Hydrogen can play a key role in helping sectors meet climate targets, and countries rich in hydrocarbons can help build and scale the needed technology, write experts from McKinsey’s Global Energy & Materials Practice
Industry leaders are under pressure as the global climate change debate has amplified the call to limit global warming to 1.5 deg C.
In the case of hydrogen, hydrocarbon-rich countries (HRCs), including Saudi Arabia and the UAE as well as the US and Canada, could leverage their know-how and competitive reserves to scale up clean hydrogen and become industry leaders.
Most of these countries have a track record of building and scaling up global energy supply by leveraging their unique access to competitive natural resources.
According to McKinsey research, total hydrogen demand can reach 600 to 660 million tons by 2050, abating more than 20 per cent of global emissions. That said, realising this opportunity will require all relevant stakeholders to come together to develop clean-hydrogen value chains—often across geographies. Those that take decisive action in these areas will be uniquely positioned to create new sources of value and play a leading role in future global energy markets.
For the hydrogen promise to materialise for HRCs and for the market to scale, four areas will need to be addressed:
• Scaling competitive supply: This requires HRCs to scale up both blue and green hydrogen. Access to cost-competitive and abundant natural gas or other hydrocarbons coupled with technological disruption in CCUS can allow for the required decline in the cost for blue hydrogen production by 2030.
A report by the Hydrogen Council in 2021 said the cost of hydrogen for end users could drop by 60 per cent from 2020 to 2030.
• Stimulating local demand: To create a hydrogen ecosystem, there needs to be a local market for hydrogen in parallel to the development of export corridors. Governments can help by implementing the right regulatory frameworks around decarbonisation and clean air to ensure these local demand sectors start.
• Developing transportation technology: Hydrogen must be in liquid form or transformed into ammonia before it can be transported. However, liquefying hydrogen is both costly and technically challenging because it needs to be cooled down to –252 deg C, which is the lowest boiling point of any element. McKinsey analysis shows that converting hydrogen to ammonia for transport to Europe from the Middle East then converting it back into hydrogen could result in an additional cost of $2.50 to $3.00 per kg of hydrogen in 2030, which is significant, given that green hydrogen production costs could be less than $2.00 per kg by 2030 in the region.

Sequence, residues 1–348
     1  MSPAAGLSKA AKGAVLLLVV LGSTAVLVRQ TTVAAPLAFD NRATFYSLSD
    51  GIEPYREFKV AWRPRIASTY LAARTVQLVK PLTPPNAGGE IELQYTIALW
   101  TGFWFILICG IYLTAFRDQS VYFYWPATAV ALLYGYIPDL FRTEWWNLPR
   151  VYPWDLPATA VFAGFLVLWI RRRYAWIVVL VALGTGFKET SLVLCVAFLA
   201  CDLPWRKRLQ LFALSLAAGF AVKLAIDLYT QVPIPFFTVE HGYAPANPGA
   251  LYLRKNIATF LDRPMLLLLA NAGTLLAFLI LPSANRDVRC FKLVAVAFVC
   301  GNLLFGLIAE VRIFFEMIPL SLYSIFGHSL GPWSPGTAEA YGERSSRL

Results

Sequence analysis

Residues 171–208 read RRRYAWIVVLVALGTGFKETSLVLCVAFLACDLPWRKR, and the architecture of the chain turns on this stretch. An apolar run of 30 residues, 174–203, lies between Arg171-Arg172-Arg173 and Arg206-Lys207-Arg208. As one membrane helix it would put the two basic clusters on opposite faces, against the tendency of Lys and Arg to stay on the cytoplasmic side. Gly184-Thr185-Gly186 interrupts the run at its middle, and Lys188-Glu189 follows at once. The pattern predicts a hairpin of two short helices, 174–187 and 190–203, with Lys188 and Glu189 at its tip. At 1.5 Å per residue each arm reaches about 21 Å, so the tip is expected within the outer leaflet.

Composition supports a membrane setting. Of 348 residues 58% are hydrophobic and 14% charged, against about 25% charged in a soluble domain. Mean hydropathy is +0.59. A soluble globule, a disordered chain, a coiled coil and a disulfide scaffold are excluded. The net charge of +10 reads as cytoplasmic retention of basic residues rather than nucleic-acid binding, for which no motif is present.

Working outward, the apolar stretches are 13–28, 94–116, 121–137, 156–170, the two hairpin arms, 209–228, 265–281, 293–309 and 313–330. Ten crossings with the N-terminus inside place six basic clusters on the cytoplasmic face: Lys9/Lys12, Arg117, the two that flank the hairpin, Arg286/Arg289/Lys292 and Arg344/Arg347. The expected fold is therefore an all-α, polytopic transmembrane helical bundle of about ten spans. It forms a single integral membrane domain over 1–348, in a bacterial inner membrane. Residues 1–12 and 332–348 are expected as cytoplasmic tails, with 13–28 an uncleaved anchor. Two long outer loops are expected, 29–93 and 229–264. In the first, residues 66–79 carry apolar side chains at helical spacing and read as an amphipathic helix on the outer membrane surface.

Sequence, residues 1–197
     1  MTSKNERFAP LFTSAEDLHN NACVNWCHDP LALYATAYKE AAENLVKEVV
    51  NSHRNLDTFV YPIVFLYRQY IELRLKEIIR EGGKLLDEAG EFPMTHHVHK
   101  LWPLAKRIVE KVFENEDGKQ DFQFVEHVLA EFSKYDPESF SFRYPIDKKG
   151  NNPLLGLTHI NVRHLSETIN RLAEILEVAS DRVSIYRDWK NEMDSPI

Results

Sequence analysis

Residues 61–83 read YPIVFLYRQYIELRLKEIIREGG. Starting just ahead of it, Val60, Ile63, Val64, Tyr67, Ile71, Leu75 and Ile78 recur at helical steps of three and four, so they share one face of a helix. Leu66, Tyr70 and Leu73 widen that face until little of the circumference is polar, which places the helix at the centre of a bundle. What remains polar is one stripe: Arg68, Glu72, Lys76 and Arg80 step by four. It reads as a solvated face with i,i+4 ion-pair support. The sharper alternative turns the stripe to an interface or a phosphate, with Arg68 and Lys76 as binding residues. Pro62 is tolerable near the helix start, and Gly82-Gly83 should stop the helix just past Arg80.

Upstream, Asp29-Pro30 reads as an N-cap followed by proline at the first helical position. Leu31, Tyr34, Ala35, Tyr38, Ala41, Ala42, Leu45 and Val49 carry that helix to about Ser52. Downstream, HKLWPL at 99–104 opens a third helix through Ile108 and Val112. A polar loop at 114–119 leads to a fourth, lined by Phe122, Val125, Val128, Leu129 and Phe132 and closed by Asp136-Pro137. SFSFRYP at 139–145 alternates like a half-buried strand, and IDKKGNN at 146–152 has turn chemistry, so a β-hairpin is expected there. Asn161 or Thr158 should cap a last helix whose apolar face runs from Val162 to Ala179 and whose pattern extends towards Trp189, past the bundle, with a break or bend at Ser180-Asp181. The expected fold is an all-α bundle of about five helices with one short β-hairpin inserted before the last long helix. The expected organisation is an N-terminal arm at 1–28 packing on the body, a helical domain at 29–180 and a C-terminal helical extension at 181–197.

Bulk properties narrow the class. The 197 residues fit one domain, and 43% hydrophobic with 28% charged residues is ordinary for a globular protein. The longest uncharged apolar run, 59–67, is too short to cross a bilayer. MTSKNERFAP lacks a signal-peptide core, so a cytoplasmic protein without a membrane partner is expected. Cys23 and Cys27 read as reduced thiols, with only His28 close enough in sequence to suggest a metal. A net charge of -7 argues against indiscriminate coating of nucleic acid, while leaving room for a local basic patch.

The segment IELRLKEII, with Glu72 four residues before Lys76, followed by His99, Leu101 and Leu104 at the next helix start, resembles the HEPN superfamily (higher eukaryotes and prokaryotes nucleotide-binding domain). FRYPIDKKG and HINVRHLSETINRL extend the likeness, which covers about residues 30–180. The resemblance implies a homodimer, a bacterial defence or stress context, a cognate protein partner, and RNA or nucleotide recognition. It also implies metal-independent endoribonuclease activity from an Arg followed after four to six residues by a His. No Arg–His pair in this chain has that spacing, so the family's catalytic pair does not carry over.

• Facilitating cooperation across value chains, customers, and countries: The clean-hydrogen value chain will require players across the stages to work together to ensure the value chain develops consistently. Partnerships could enable equipment and infrastructure developers to make investments with some minimum utilisation guarantee. Meanwhile, creating government-to-government partnerships could facilitate hydrogen flow between countries, further supporting demand uptake in target markets, and could lock in supply agreements.
ROLE OF HRCs IN THE SCALE-UP OF CLEAN HYDROGEN
Several factors are expected to drive a competitive supply of hydrogen from HRCs, including access to hydrocarbon resources, cheap renewable energy, strong domestic demand, advantaged location, and a proven track record in establishing global energy markets.
HRCs could develop and become leading suppliers of clean hydrogen by leveraging these factors, but their competitive positions may vary depending on the applicability of these factors.
To begin, HRCs are likely to supply blue hydrogen because it provides an outlet for their hydrocarbon reserves, an opportunity to (re)use hydrocarbon reservoirs and midstream infrastructure, as well as an opportunity to maintain positions of leadership in the global energy market.
Doing so requires investing in technologies such as CCUS to help ensure blue hydrogen remains competitive after 2030.
Because green hydrogen is expected to become competitive after 2030, those with access to competitive, low-cost zero-carbon energy could also build on the green-hydrogen momentum and leverage any favorable renewable-energy sources to hedge the risk of blue hydrogen’s cost competitiveness versus green hydrogen in the decades to come.